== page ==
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---------------------------------------------------------------------- Date: Thu, 12 Feb 2009 10:10:58 -0500 From: Kai Troester <kai at braukaiser.com> Subject: Re: Aerobic Yeast Propagation Ever since I started propagating yeast in a low gravity aerobic environment I have been paying close attention to propagation practices used in the industry in order to get an idea of the drawbacks that such an approach may bring. I know that Danstar produces their dry yeast aerobically with incremental feeding and I'm not sure if the other 2 major yeast companies (WYeast and Whitelabs) do the same. One would imagine that they do b/c their objective is to get as much yeast as possible out of their raw materials. But when it comes to yeast propagation in the brewing industry I don't find references to aerobic yeast propagation. While in the initial stages the yeast is propagated in an aerobic environment the stength of the worts uses is strong enough for the crabtree effect to be in effect which causes fermentation. But that isn't really a problem if there are enough sugars in the wort as the main objective for the air is to provide oxygen for the sterol synthesis in the yeast. If O2 is the limiting nutrient the yeast will have limited sterol reserves and only weak cell walls. It might be that low gravity propagation isn't good either b/c the yeast may get uses to the lower alcohol/sugar concentration both of which are stress factors. After the initial aerobic stages yeast is commonly propagated with Drauflassen where only the added wort is aerated and no aeration is done in between. In Brewing and Malting Technology Kunze makes a note that freshly propagated yeast is very healthy. To healthy in fact as it becomes a poor SO2 producer and that some brewers mix the new yeast with some old yeast to increase the SO2 production during fermentation. I'm not sure how relevant this is for home brewing but I have heard home brewers say that the beer from the 2nd use of a yeast tastes better than the batch made with freshly propagated yeast. When I started propagating yeast in an aerobic environment I was looking for a large vessel to control the foaming (I don't like foam control, so don't suggest that as a solution ;) ) and turned to a carboy for that. this also meant that I suddenly had much more volume to fill and thought it would be much better for the yeast to live in a low gravity environment anyway. The fermentations with that yeast have been the fastest I had up to that point but I still have to see if there is a difference between propagating in 10l of 2 Plato wort or 2 L of 10P wort when it comes to fermentation performance and most important taste. Even if you don't use a pump to aerate your starter making a starter in a carboy may help you. Simply add the 2 L of starter that you would use to a sanitized carboy, top off with sterile water (I actually trust my RO tap) until you have 12-14 l (3-3.5 gal) in there. Add yeast and shake to aerate the wort. The large head space contains enough O2 to saturate the wort with it and the large wort volume holds much more O2 than a 2 L starter would have if it was only aerated once. Fred, In your experiments, did you ever do a side-by-side with the same yeast from different propagation techniques. Return to table of contents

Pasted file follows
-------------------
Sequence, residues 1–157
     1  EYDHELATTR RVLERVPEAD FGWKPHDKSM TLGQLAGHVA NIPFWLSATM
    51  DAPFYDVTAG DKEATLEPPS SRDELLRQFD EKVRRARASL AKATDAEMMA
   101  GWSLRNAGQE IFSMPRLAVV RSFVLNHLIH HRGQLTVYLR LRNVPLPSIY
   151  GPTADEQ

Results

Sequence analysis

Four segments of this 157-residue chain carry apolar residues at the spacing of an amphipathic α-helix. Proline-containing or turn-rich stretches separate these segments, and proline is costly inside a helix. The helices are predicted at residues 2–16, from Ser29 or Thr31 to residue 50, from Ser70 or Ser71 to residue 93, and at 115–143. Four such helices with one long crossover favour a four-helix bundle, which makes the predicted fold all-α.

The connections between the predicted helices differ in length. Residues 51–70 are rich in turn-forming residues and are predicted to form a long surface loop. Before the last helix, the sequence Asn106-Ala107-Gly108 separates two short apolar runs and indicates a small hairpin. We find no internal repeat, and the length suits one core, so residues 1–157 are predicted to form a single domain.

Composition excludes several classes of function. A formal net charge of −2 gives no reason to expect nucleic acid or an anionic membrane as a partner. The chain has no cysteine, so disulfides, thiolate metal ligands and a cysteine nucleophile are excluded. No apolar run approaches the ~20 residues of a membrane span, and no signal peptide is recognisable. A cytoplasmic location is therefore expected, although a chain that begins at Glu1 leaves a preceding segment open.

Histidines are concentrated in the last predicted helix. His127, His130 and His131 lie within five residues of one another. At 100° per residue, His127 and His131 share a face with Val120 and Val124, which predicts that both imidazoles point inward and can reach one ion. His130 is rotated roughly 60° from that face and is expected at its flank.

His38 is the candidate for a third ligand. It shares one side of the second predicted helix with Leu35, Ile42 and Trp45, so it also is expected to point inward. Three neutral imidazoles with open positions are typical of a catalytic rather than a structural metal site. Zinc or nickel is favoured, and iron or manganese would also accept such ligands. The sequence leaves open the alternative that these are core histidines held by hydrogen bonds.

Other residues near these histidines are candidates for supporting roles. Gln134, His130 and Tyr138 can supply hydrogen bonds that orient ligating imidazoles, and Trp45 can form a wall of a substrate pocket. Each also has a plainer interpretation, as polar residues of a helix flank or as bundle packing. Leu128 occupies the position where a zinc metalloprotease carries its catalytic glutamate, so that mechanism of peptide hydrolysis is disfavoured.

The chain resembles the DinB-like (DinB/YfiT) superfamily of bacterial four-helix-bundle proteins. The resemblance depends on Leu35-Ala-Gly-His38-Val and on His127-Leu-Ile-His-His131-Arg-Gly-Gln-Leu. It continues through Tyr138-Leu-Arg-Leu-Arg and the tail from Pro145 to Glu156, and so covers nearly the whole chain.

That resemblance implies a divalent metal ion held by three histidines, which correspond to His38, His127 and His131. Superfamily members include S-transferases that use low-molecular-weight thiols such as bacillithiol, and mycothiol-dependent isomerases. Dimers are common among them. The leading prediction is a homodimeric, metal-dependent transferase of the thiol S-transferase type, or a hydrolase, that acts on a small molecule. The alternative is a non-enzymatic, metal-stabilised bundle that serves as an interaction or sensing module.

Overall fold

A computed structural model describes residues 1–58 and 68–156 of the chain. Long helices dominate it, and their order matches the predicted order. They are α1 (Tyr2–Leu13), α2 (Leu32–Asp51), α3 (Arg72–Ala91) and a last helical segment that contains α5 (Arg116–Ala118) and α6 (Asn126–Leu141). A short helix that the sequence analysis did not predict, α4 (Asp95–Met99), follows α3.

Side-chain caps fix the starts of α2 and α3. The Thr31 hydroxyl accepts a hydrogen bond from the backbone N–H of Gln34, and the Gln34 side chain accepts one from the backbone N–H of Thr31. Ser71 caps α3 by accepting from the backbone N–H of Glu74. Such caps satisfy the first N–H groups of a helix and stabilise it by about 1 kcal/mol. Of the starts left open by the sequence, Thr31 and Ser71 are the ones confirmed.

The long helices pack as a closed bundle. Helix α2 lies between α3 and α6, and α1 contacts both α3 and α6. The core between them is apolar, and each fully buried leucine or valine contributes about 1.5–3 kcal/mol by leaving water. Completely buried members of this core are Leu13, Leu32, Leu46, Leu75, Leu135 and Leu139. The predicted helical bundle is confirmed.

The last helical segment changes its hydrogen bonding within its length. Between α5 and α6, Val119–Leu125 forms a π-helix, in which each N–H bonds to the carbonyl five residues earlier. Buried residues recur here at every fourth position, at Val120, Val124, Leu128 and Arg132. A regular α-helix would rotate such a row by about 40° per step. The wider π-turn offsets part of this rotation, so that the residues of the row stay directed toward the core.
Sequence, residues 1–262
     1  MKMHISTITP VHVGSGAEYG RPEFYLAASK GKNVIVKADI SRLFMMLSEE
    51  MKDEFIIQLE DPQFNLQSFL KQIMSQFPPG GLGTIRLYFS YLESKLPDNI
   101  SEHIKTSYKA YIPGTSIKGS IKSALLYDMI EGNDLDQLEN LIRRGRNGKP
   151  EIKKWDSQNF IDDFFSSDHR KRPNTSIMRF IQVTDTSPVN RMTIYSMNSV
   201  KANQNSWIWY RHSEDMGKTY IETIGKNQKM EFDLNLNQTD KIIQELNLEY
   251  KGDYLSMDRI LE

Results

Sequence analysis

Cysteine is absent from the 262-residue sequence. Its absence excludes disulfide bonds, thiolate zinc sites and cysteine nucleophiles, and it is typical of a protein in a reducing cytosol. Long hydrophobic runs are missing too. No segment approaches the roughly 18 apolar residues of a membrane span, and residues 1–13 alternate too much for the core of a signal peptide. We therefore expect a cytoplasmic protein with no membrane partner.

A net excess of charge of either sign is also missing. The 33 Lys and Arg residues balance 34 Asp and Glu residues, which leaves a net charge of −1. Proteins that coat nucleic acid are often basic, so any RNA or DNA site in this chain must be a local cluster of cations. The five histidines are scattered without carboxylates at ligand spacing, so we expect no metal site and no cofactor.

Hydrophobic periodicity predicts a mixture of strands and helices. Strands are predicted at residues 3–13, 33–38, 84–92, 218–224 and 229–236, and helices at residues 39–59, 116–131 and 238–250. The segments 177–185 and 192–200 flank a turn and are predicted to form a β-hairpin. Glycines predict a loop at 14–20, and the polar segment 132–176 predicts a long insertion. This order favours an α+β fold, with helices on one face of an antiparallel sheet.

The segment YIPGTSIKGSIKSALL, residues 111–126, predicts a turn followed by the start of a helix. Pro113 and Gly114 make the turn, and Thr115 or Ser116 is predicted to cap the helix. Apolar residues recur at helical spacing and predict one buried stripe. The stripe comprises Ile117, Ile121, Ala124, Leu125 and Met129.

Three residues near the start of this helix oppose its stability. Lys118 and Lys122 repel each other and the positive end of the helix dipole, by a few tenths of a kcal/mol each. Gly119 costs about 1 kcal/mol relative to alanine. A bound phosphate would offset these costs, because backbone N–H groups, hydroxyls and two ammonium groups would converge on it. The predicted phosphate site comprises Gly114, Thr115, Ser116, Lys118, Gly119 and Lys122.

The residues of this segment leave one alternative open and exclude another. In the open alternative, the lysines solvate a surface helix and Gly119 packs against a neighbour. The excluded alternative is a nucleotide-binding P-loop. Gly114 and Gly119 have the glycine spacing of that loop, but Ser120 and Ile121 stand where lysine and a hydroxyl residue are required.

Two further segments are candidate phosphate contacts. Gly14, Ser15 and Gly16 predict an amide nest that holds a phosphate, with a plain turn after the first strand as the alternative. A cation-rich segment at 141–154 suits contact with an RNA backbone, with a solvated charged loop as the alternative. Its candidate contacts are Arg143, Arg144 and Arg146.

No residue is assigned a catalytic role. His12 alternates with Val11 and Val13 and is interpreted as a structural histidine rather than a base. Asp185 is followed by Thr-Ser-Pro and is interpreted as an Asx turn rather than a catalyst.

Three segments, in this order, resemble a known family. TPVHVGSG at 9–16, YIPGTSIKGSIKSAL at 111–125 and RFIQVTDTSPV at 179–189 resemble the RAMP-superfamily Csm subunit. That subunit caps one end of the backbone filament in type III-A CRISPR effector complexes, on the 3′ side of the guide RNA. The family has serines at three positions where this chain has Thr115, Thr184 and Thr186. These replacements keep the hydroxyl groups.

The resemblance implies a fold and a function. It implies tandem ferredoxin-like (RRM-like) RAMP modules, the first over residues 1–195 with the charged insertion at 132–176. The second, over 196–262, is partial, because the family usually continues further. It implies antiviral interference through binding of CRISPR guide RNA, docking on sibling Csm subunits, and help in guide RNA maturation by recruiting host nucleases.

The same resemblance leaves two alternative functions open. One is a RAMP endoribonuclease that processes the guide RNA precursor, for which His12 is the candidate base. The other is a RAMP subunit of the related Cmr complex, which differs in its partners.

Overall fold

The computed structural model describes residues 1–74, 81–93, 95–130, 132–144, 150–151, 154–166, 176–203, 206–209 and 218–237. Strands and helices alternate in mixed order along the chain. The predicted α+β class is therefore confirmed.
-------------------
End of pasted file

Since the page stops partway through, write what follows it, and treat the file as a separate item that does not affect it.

Date: Thu, 12 Feb 2009 18:30:53 +0000 From: Joshua Wilkins <jowilki3 at hotmail.com> Subject: Re: Yeast Performance / Aerobic propagation I just wanted to throw in a few points to an already extensive conversation. I do have experience at a professional level with aerobic fermentation and the biggest problem that I see with this method of propagation for homebrewers is that the equipment to control such a fermentation is not cheap nor readily available (we are talking tens of thousands even for a used fermentor and controller and this is even before the probes are bought). Yes, stir plates, sinter stones, and even Dissolved oxygen meters are available, but they will not be sufficient enough to maintain aerobic phase of growth once the yeast cells (biomass) gets into exponential growth without additional/ more specialized equipment. I'd say 90% of the air and/or o2 released in this kind of set up simply exits the top of the vessel due to the scale of equipment used in the average yeast starter. But the only thing that you are gaining from aerobic propagation is greater biomass, and yes its important, but is not the only thing a brewer should want. The creation of a starter should accomplish the following goals: 1)Expand the yeast cells to the point where the exponential phase of growth in the starter can be carried over into the exponential phase of the production vessel (minimize lag phase in the production vessel). This also means that the yeast in a starter ideally should have enough nutrients/fermentable sugar such that they do not enter stationary phase nor become dormant. 2) Have the yeast cells tread the fine line of being healthy yet also be challenged, This is mainly referring to a resistance to hops and alcohol. Most people forget that it takes time for this resistance to develop. The cells have to activate the genes necessary for these resistances, build the proteins necessary, and then finally implement the resistance activity and this process can take several hours. If one gives a completely ideal condition to the yeast, then the yeast will have to condition themselves in the production fermentor, which WILL lead to flavor constituents that may not be ideal. 3) You want to match the nutrients that will be in the wort to those in the starter. This is due to the fact that yeast have a hierarchy for various sugars and nutrient pathways. So you want to again expose them early to this so that genes are activated to create the enzymes necessary for these pathways. Yes, once they get into the production fermentor they will start at the top of this hierarchy, but the enzymes will already be made for the more complex nutrients and can already begin breaking them down. These to me are the more important points but I can sum up the rest with a single statement. Match the conditions of your production fermentor to that of the starter. This does not mean if your doing a high gravity beer then to do a high gravity starter, it simply means if the production is going to be a batch fermentation then the starter should be a batch fermentation. If you are using wort in the fermentor then use wort for the starter. If you are using a certain water profile with specialized salts then do that in the starter as well. etc etc. As for aeration, I say aerate the wort until it is 100% saturated then pitch the yeast. No more is needed for both the starter and the production fermentor. But I do support the use of stir plates for starters mainly to keep the yeast from settling. I tried to keep this basic, but if anyone wants to get into the details feel free to ask and I can explain from there. Josh Wilkins Return to table of contents